7. The question ultimately is bow far the specimen handwritings influenced the jury in coming to their conclusion and would the jury have come to the same conclusion had the specimen handwritings being excluded from evidence.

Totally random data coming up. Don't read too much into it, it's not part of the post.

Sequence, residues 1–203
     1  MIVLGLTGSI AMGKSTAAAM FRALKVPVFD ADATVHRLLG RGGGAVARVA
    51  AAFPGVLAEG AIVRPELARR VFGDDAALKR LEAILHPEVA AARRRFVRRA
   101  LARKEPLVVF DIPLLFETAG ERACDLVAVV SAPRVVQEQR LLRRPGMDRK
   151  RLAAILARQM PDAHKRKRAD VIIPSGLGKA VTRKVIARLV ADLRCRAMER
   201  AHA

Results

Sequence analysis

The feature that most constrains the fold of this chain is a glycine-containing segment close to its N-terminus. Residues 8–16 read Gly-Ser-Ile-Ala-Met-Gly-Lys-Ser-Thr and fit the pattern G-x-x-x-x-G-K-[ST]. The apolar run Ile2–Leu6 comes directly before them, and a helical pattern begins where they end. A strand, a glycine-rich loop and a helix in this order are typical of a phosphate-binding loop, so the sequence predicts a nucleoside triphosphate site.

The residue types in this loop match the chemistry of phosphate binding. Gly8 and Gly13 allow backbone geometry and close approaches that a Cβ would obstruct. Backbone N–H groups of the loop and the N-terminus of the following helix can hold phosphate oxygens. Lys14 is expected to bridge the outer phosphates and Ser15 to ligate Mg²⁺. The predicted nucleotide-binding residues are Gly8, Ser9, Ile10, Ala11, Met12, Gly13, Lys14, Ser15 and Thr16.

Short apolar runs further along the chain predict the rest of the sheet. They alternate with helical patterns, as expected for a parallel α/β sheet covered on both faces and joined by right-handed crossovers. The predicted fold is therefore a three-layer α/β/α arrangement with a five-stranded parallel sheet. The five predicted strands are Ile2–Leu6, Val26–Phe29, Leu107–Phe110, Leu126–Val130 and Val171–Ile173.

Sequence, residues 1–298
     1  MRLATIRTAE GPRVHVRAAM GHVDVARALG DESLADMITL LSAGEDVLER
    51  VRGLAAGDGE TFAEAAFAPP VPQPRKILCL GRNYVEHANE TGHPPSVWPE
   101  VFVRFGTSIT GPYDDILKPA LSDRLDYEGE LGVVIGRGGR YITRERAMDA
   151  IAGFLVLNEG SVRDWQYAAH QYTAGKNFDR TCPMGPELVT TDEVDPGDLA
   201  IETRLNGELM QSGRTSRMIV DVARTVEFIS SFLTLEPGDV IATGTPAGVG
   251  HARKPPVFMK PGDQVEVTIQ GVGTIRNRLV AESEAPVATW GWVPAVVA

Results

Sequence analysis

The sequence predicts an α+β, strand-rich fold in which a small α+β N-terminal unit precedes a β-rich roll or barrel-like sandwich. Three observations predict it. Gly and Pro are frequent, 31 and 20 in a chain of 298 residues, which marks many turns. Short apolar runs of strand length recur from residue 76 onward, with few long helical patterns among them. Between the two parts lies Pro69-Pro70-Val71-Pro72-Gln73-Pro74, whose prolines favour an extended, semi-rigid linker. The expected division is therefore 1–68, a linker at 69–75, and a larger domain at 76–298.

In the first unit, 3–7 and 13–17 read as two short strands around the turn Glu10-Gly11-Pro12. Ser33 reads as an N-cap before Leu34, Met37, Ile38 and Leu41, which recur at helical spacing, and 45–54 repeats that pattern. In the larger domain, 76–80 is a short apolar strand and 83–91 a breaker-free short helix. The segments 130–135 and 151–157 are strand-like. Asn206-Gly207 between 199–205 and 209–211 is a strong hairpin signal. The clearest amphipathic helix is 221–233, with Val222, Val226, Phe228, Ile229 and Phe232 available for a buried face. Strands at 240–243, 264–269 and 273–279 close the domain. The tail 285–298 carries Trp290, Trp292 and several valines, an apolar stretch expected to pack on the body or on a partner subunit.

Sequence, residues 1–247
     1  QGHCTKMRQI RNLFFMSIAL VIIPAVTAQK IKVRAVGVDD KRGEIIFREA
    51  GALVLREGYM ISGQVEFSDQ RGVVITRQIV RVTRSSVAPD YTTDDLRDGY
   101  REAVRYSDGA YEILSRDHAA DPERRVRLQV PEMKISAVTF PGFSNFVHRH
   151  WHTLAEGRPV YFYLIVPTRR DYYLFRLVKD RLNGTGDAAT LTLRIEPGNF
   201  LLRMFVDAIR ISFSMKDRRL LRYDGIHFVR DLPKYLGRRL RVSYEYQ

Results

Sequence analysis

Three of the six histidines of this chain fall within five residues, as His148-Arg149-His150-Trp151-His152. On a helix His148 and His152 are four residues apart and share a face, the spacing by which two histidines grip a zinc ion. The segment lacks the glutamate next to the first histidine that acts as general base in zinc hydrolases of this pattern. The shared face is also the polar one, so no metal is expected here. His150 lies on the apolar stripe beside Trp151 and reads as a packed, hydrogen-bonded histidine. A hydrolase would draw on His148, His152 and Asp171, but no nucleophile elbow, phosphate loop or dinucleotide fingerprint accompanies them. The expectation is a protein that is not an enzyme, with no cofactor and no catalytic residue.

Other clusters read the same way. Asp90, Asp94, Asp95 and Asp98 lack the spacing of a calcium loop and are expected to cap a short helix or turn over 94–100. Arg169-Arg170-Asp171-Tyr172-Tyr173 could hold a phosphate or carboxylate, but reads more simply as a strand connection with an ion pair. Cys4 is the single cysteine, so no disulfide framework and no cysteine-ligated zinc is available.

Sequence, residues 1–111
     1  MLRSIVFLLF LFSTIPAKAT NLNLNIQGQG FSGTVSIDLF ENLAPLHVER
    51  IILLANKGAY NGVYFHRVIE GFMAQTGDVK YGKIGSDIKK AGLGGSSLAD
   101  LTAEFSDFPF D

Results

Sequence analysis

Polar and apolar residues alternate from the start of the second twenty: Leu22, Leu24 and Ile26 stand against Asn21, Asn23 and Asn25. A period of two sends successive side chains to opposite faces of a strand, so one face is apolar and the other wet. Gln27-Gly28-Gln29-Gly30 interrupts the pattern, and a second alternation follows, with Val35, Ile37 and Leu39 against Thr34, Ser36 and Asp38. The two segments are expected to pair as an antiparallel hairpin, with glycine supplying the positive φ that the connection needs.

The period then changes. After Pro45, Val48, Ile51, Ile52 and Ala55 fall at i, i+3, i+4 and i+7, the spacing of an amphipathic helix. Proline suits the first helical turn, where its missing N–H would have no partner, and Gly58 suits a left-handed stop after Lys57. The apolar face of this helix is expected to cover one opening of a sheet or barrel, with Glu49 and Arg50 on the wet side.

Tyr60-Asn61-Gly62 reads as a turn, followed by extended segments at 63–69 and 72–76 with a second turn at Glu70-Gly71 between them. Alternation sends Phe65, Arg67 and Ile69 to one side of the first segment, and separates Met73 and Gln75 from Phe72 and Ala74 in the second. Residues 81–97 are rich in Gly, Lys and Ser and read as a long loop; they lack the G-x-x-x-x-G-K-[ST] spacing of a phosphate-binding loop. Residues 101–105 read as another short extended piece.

8. AS we have come to the conclusion that in the circumstances of the ease the specimen handwritings were not admissible in evidence we have gone into the evidence in the case in order to satisfy ourselves whether on the evidence adduced in the case the verdict of the jury was one which could be said to be a correct verdict.